Owning rental real estate can be a great investment. If you have a mortgage on the property, you can use the rental payments you receive to pay your mortgage. Your tenant is essentially paying your mortgage off while you build equity in the property.
However, owning rental property comes with risks. There are tenants who slip and fall, guests who claim injuries, and plumbing that causes water damage. The list goes on and on. Having enough insurance coverage is a top priority, but you should also own the property in a way that will limit your liability and sync with your estate plan.
How you hold title to the real estate is important. If you own the property in your name alone, you can personally be held liable for any damages or injuries that occur there. That means all your other assets (i.e., your home and savings) could be at risk, not just the rental real estate.
Placing the real estate in a trust offers you some privacy (assuming you are not named as the trustee). It may take an injured party a little more effort to identity you; however, if the trust is revocable (meaning you can change or amend it whenever you want), a court will most likely find that you are the owner of the property, and your personal assets will most likely be reached as part of a lawsuit if you are found liable.
Consider holding the property in a limited liability company (LLC) which, when structured properly, allows you to manage the property while protecting your personal assets if you are sued. It can also maximize your estate plan by avoiding probate and allowing for continuity of control if you are incapacitated. Here are 10 important considerations for owning the property in an LLC.
· The LLC is a type of corporate entity. You will need to create the LLC at your secretary of state’s office. The rental property will then need to be deeded into the LLC. In the event that the LLC is sued, the LLC’s liability is limited to its assets which will most likely consist of the rental property and a checking account.
• You can be the manager of the LLC, meaning that you will run and manage the day-to-day operations of the LLC. The owner of the LLC is called the member (it’s similar to a stockholder). You can be the sole member of the LLC, or you and your spouse can both be members, each owning a 50% membership interest.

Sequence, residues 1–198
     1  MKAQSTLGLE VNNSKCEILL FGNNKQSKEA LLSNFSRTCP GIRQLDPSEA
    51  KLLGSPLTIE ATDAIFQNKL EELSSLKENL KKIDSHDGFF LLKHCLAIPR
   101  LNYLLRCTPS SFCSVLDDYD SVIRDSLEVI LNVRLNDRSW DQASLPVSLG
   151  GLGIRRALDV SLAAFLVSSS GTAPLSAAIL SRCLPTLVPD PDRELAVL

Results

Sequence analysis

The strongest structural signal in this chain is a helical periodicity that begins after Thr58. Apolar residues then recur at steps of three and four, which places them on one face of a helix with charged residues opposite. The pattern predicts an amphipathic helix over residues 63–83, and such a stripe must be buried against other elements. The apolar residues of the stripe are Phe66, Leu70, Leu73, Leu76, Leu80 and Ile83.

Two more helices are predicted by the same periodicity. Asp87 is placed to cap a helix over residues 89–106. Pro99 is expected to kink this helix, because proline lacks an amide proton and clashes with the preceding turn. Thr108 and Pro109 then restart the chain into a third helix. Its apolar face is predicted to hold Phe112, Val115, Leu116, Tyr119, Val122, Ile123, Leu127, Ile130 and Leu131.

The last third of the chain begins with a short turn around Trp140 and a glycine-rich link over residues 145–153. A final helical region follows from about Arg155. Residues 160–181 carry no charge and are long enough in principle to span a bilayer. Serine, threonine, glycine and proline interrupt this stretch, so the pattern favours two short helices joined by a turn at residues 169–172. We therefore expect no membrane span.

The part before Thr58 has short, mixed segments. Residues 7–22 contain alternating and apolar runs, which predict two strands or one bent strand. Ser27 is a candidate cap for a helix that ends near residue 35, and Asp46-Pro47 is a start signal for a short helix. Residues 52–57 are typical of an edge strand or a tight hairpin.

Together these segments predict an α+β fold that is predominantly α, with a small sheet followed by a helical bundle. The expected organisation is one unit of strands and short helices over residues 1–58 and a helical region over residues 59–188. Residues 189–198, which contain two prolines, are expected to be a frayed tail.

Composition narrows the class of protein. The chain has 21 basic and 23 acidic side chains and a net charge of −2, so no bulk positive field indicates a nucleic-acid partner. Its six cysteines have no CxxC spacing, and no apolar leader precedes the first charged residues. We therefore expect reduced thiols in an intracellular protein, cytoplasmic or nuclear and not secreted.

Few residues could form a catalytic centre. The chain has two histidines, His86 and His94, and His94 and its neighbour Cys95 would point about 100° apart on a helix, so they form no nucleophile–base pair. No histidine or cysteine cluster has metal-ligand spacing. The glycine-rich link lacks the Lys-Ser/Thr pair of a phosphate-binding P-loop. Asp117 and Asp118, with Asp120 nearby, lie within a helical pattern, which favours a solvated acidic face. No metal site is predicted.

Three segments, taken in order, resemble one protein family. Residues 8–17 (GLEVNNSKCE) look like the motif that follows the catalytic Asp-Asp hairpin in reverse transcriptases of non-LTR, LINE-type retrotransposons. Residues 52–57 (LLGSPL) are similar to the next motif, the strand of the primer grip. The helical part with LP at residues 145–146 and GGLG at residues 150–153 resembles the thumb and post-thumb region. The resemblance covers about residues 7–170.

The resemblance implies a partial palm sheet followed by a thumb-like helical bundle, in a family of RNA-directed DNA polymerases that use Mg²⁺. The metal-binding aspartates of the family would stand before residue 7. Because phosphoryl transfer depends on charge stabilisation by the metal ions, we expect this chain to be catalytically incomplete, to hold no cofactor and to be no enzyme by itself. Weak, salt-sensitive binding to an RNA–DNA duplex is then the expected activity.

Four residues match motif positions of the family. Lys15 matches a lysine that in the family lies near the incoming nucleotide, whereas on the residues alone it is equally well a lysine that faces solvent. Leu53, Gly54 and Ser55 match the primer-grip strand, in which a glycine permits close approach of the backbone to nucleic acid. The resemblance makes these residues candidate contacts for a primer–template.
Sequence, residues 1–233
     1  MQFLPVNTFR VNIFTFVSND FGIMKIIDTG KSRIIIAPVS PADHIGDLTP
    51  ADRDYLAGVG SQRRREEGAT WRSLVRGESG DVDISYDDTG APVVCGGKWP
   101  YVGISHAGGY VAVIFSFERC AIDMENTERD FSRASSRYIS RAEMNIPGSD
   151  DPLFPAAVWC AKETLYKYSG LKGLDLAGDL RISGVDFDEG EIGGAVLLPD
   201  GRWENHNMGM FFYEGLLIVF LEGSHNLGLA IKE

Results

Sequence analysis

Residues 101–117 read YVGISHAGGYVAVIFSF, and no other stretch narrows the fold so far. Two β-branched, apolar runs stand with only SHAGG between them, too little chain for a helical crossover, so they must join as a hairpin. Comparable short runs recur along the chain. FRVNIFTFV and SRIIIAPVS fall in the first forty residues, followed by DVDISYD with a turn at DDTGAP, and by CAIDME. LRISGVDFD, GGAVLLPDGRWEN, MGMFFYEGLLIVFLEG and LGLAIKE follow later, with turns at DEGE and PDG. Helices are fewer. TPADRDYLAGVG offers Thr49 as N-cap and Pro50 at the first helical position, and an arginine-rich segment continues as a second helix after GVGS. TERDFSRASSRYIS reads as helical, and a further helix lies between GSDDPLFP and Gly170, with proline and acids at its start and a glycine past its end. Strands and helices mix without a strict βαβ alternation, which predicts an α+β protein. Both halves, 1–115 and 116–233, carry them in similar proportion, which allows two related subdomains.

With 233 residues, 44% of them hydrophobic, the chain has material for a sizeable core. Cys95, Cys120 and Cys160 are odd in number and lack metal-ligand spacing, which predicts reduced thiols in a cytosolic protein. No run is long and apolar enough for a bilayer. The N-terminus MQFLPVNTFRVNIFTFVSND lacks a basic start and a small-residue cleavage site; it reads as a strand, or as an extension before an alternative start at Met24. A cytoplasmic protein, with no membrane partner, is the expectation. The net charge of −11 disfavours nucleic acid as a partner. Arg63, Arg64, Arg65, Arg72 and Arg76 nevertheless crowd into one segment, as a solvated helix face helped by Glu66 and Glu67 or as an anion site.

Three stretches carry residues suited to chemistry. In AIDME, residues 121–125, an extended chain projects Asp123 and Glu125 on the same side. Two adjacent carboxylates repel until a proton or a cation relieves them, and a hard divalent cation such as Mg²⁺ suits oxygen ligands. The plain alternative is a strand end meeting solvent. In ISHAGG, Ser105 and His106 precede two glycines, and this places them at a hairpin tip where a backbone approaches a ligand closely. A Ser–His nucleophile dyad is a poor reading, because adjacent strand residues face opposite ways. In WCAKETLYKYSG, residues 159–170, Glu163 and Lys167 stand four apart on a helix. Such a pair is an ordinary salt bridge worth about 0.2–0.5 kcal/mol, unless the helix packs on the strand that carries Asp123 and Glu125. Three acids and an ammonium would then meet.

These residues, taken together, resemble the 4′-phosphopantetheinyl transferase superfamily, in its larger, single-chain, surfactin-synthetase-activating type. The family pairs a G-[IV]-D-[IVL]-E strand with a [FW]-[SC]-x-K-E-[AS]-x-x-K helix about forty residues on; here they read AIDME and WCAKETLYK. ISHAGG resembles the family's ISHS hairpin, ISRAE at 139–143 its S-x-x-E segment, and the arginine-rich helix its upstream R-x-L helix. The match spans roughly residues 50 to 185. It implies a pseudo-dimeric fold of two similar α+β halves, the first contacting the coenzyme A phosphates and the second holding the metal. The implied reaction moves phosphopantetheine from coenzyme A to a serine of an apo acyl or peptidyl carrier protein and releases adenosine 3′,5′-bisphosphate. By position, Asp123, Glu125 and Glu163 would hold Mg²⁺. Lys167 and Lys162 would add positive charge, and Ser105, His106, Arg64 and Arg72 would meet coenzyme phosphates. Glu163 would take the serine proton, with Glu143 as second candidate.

· If you and your spouse have established revocable trusts as part of your estate planning, each of your trusts should hold a 50% membership interest. This is important as it will avoid probate of the LLC interest in the event of your death. It also allows the successor trustee to take any required action on behalf of your membership interest if you are incapacitated.
· Once the LLC is established, you will need to obtain a tax identification number and open a checking account in the name of the LLC.
· Your rental agreement with your tenant will run between the tenant and the LLC. The tenant will make the rent checks payable to the LLC and you will need to deposit them in the LLC’s checking account.
· You will also need to update your property and casualty insurance carrier as to the transfer since the property will have a new owner.
· If you own title insurance on the property, you will need to let the title company know about the transfer so that a title insurance endorsement can be prepared.
· If you have a mortgage on the property, you will need to speak with your lender as some lenders will not let you hold title in an LLC, or they may charge you a higher interest rate on your mortgage.
· Make sure your accountant knows about your LLC so the necessary tax filings can be prepared at tax time.
· Don’t forget to file annual reports for the LLC or your entity will be dissolved. This can usually be done by you, your attorney or your accountant.